Michael Caine Gets Cheeky, Vengeful at Harry Brown Premiere
"Michael Caine. Is. Harry Brown." So announced a modest set of opening credits last night in Toronto, where Caine's vigilante drama premiered at the Elgin Theater. It was the last bit of breathing room the audience would receive for 95 minutes, assuming it could catch up at all from the film's shocking prologue -- director Daniel Barber's forceful submersion into the violence and urban despair faced by the film's lonely avenger. "It's not about a vigilante, really," Caine said in his introductory remarks. "Because a vigilante is someone who does something out of character as a victim -- a victim of our society who is forced to do something. So he's not really a vigilante. He's just trying to protect himself because nobody else will. And that's the message of this film and the reason I did it."
Barber himself introduced Caine onstage at the Elgin as "one of the greatest actors in the world" ("If I'd known I was one of the greatest actors in the world I'd have asked for more money," Caine replied), but the film isn't so much about chops. Harry Brown is about untying a knot of nightmares -- social, psychic, emotional -- pulled tight by the generations between the ex-Marine title character and the hoodlums who've overrun the blighted housing project where he lives. We meet Harry at 6:30 one morning, turning away in bed from the bad news on the clock radio, anticipating the day's routine of checking in with his hospitalized, dying wife and going for a bit of chess and beer at the pub with his pal Len. The latter in particular has had enough of the unchecked gang terror in the neighborhood, and no sooner is Harry grieving his wife's passing than he's discouraging the sword-packing Len from taking the degenerates on himself.
It doesn't work. Harry's reaction could kindly be characterized as extreme, but befitting of the complexity Caine alluded to in his introduction. As a decorated military man who's seen (and dwelled on) combat abroad only to have it arrive on his doorstep, defense is essentially instinctive. So, too, is his mourning of a daughter lost years before in her adolescence -- the one physical legacy he'd counted on possibly improving an England since gone to hell. The inability of the police (led by a miscast Emily Mortimer, all posture and exposition) to prosecute Len's killers finally nudges him into no-bullshit mode. It all amounts to a sort of kitchen-sink Gran Torino, yet without Clint Eastwood's messianic valedictory flourishes.
What Harry Brown has instead is a uncompromisingly bloody, pulpy genre texture more in line with Lionsgate than any of the potential distribution suitors listed here previously. And it will sell, and it will stun: Caine is fantastic, and his submission to Barber's vision of street warfare, bureaucratic ineptitude and devastated youth allows for both a point of entry and -- thank God -- escape for beleaguered viewers.
"The film also changed me inasmuch as that we went back to where I come from," Caine told us. "'The Estate' near the Elephant and Castle, as it's called. They're like what Americans call the projects -- really terrible. I went back there with a sort of normal middle-class idea: 'We've got to [end] this and send them all to prison. Kill 'em or whatever.' I used to say to the actors, 'Don't have a scene with me because you won't get anymore work in a movie. You get a scene with me, you're dead.' But when I went there I met all these young men who were terrified of you. Really terrified of you. And they treated me the same as they are because they know where I came from. And they turned my mind around on the movie while I was there: They need help, not prison. They need to be sent to a school, not to a jail where they learn to be criminals."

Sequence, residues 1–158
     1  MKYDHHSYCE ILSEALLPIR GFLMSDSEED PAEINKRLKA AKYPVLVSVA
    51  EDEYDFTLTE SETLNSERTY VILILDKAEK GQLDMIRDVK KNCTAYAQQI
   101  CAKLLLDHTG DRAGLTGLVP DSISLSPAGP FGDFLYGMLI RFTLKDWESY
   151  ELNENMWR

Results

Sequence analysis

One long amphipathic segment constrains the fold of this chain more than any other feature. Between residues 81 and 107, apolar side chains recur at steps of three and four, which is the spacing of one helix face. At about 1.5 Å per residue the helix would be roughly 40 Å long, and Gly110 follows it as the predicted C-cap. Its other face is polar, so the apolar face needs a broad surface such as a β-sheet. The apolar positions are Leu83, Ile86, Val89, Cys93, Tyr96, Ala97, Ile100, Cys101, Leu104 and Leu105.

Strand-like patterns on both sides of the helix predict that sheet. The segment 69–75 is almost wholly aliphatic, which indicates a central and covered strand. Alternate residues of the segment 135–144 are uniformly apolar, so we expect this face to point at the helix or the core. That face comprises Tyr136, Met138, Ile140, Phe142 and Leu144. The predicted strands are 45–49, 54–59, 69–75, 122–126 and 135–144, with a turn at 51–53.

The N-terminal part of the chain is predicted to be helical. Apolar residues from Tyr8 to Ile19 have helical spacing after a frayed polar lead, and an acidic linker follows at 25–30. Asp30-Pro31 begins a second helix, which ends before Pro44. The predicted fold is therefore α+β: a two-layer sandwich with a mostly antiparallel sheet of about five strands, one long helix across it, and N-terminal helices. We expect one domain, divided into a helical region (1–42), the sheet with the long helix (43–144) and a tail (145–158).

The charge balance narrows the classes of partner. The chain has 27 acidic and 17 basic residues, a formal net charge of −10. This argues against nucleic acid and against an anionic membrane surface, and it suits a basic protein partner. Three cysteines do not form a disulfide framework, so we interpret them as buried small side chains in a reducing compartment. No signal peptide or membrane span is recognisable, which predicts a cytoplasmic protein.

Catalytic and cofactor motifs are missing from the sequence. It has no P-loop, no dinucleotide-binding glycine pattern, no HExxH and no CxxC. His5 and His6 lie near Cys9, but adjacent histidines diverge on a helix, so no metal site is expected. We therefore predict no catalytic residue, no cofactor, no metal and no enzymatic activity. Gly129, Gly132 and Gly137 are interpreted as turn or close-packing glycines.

Fair enough, though the film's second-half bloodbath seems to reject that principle on its face. But what a bloodbath, none more glorious than Harry's run-in with local drug dealer Stretch -- portrayed by Sean Harris with riveting, skeevy abandon, interrupting each of his junkie maxims to shoot up or smoke crack though a gun barrel. It's a bit too forced by Barber in any case, but Harry's disbelief sincerely reflects our own, doing everything we can not to pinch our noses at the stench rolling from the screen. And so commences our guided tour into civic disrepair, a tinderbox black with the combustion of class, rage and hopelessness.
Which came as something of a surprise, considering Caine's earlier, relatively upbeat reflections on coming to the project.
"I waited two years looking for a script that I really wanted to do," Caine said. "I got so used to being at home. I was beginning to take it up as a profession. And then [I read] the script, and they said, 'He's never directed a movie before.' And I said, 'That's great. What's it about?' 'It's about a vigilante.' 'Well, that sounds promising.' So I read the script, and I loved it. [...] They showed me an earlier film of Daniel's called The Tonto... Girl?"
Caine turned to Barber, who shouted a correction. "The Tonto Woman. It was a short film by Daniel; I'd never heard of him, obviously. It got nominated for an Academy Award. He never won it."
The audience quite enjoyed that, holding the two-time Oscar winner up for a few seconds. "So I thought, 'It's Help-a-Loser Week.' So I did the movie. I hope you like it. If you do, tell your friends. If you don't, keep quiet. Thank you very much." No, Mr. Caine -- thank you.